could be the biggest threat to sky-high expected revenues.
STEVE WHITE, HARVEST HEALTH CEO: The legal cannabis market in a very short period of time can grow from zero to somewhere in the neighborhood of $50 billion to $75 billion.
LEE: That optimism faces this reality, an estimated $70 billion in illegal
marijuana sales nationally, seven times the legal market.
Case in point, California. Early projections of more than $1 billion in
annual cannabis tax receipts in 2018 are far from the $345 million
collected. That`s in large part because the illegal market can easily
undercut the cost of running licensed dispensaries. It`s not hard to see
UNIDENTIFIED MALE: You guys ready?
UNIDENTIFIED FEMALE: Yes.
UNIDENTIFIED FEMALE: Yes.
UNIDENTIFIED MALE: OK. Go.
LEE: A team of CNBC producers equipped with hidden cameras visited ten
illegal dispensaries throughout L.A., most aren`t hard to find and they`re
open day and night.
They all have one thing in common. They are brazenly breaking the law,
operating with no license, selling potentially untested products and
allowing customers to openly consume.
In this illegal dispensary down the street from the University of Southern
California, customers are dabbing, smoking a highly potent cannabis
concentrate. And if you want free weed, this store and others were happy
to give it away. As the signs say, all you need to do is write a positive
review on Weedmaps, an online site that lists both legal and illegal
dispensaries around the country.
CLERK: If you do a, OK, right here. A five star review on Weedmaps, you
get a top shelf joint.
LEE: Despite a daily limit on the amount of cannabis stores can sell to a
customer, you can buy as much as you want at many of the illegal
PRODUCER: So what, we can get as much as we want?
CLERK: You can get as much as you want.
PRODUCER: There`s no limit?
LEE: We did not buy anything from the dispensaries.
PATRICIA HEER, CANNABIS LAW DIGEST: The black market is a huge problem, and some say it is a 70 to 80 percent of sales and it is a big threat. And so a lot of states are thinking about how do we alleviate it? The two
things, it is price and convenience.
LEE: And nowhere are legal operators feeling the impact more than in
California, the country`s largest legal cannabis market where voters passed Proposition 64 in 2016. Businesses had to be in compliance with the
license by January. That clearly didn`t happen.
We showed a compilation of our video to Los Angeles City Attorney Mike
Feuer. Any surprises to you?
MIKE FEUER, LOS ANGELES CITY ATTORNEY: No, I know there are unlawful dispensaries operating in the city. It might be some of the locations you just showed me are under investigation right now.
LEE: How big of a problem is this?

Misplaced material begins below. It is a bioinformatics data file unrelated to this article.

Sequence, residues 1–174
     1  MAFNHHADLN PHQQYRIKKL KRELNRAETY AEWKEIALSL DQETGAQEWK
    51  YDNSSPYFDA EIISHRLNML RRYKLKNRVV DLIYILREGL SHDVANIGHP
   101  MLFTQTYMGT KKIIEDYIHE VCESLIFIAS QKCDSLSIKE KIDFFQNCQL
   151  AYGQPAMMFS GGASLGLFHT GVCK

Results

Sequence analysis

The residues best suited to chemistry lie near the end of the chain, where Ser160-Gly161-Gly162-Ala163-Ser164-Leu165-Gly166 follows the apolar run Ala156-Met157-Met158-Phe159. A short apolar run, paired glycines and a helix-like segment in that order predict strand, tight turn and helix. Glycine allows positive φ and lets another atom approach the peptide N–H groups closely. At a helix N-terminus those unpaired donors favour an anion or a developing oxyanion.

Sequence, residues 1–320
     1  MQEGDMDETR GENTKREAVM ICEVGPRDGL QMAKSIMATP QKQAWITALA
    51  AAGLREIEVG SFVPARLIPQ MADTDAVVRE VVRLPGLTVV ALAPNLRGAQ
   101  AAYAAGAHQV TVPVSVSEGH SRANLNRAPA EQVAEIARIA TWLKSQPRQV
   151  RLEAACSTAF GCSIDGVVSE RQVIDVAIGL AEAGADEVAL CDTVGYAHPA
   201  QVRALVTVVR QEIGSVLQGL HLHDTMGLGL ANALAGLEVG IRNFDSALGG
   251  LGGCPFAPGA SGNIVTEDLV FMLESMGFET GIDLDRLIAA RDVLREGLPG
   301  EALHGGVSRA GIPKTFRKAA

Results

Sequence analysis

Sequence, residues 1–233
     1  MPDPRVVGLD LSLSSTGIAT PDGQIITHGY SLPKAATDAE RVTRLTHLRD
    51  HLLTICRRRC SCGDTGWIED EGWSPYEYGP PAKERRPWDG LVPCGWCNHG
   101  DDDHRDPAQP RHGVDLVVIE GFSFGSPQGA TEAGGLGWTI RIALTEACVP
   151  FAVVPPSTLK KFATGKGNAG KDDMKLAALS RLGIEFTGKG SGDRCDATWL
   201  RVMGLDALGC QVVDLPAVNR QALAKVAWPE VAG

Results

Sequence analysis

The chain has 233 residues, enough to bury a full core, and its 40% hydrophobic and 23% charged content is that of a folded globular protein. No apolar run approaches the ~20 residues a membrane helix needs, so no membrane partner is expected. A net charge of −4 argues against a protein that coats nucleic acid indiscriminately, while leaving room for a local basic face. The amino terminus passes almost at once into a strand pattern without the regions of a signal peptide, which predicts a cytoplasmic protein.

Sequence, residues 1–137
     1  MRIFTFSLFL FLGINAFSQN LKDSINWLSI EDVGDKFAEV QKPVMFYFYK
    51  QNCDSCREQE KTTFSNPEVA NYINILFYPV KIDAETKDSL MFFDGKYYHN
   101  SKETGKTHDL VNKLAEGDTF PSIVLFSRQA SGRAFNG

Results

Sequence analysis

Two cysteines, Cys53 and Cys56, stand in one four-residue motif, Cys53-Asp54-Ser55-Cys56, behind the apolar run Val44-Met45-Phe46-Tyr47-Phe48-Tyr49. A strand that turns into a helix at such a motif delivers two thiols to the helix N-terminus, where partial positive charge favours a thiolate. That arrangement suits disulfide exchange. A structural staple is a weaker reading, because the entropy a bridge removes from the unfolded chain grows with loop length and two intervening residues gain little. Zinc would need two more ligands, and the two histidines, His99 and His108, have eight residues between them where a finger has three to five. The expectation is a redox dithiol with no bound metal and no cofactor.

FEUER: It`s a very significant problem, and from a public health and
safety standpoint, it is especially crucial that buyers of cannabis only go
to the licensed shops.
LEE: An illegal store can rake in $10,000 to $20,000 a day authorities
say. So far, 151 illegal dispensaries have been shut down with more
criminal prosecutions pending.
None of the illegal dispensaries we visited responded to our request for
The danger in these illegal stores is potentially unregulated products,
like these sold to unsuspecting customers. Legal dispensaries are required
to sell regulated products which are tested.
This is exactly why legal store owners like Cameron Wald, executive vice
president of Project Cannabis, is outraged at how bold the black market has
CAMERON WALD, PROJECT CANNABIS EXEC. VP: We`re facing, especially in California and in L.A. specifically, an illicit market that is extremely
strong. We are outnumbered three to one, illicit operator to legal
operator. So, we have outrageous price compression we have to see at our
LEE: How much easier do you think it is to operate as an illegal
dispensary compared to what you go through?
WALD: It is a lot easier. They had no compliance standards. They had no
permitting process. They had no documentation. No legal process that they had to go through.
LEE: So, they`re breaking the law, potentially threatening the health of
consumers and they`re threatening your business.
LEE: And they`re doing this in plain sight?
WALD: In plain sight.
LEE: As we found in all of the dispensaries in which our cameras captured
illegal activity, it appears the boom in the black market in cannabis isn`t
going away any time soon.
GRIFFETH: Now, there are currently 186 licensed dispensaries in Los
Angeles with more than 250 illegal ones according to the police, but
realistically, no one really knows the exact number. As far as Weedmaps,
that company tells us it provides a valuable service to the cannabis
HERERA: Before we go, here is a look at the record day on Wall Street once
again. The Dow rose about 244 points to 27,332, the Nasdaq climbed 48, and the S&P 500 added 13 and closed above 3,000 for the first time. All of
three indexes solidly higher on the week.
GRIFFETH: That is NBR for tonight. I`m Bill Griffeth. Thanks for
HERERA: I`m Sue Herera. Have a great weekend.
Nightly Business Report transcripts and video are available on-line post
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Media, LLC. Updates may be posted at a later date. The views of our guests